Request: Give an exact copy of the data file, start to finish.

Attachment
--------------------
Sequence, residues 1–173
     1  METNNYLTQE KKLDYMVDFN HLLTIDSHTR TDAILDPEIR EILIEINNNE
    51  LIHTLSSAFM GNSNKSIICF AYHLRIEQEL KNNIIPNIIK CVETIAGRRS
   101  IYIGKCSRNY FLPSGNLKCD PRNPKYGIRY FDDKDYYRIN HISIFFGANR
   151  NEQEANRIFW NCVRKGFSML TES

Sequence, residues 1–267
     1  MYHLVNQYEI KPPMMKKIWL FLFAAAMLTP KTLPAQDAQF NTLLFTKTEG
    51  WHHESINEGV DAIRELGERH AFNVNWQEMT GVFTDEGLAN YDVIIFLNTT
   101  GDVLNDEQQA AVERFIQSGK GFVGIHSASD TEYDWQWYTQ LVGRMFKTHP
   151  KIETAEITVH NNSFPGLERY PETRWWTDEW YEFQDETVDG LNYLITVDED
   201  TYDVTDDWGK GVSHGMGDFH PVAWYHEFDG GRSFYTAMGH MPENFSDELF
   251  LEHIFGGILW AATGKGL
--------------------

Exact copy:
Sequence, residues 1–173
     1  METNNYLTQE KKLDYMVDFN HLLTIDSHTR TDAILDPEIR EILIEINNNE
    51  LIHTLSSAFM GNSNKSIICF AYHLRIEQEL KNNIIPNIIK CVETIAGRRS
   101  IYIGKCSRNY FLPSGNLKCD PRNPKYGIRY FDDKDYYRIN HISIFFGANR
   151  NEQEANRIFW NCVRKGFSML TES

Sequence, residues 1–267
     1  MYHLVNQYEI KPPMMKKIWL FLFAAAMLTP KTLPAQDAQF NTLLFTKTEG
    51  WHHESINEGV DAIRELGERH AFNVNWQEMT GVFTDEGLAN YDVIIFLNTT
   101  GDVLNDEQQA AVERFIQSGK GFVGIHSASD TEYDWQWYTQ LVGRMFKTHP
   151  KIETAEITVH NNSFPGLERY PETRWWTDEW YEFQDETVDG LNYLITVDED
   201  TYDVTDDWGK GVSHGMGDFH PVAWYHEFDG GRSFYTAMGH MPENFSDELF
   251  LEHIFGGILW AATGKGL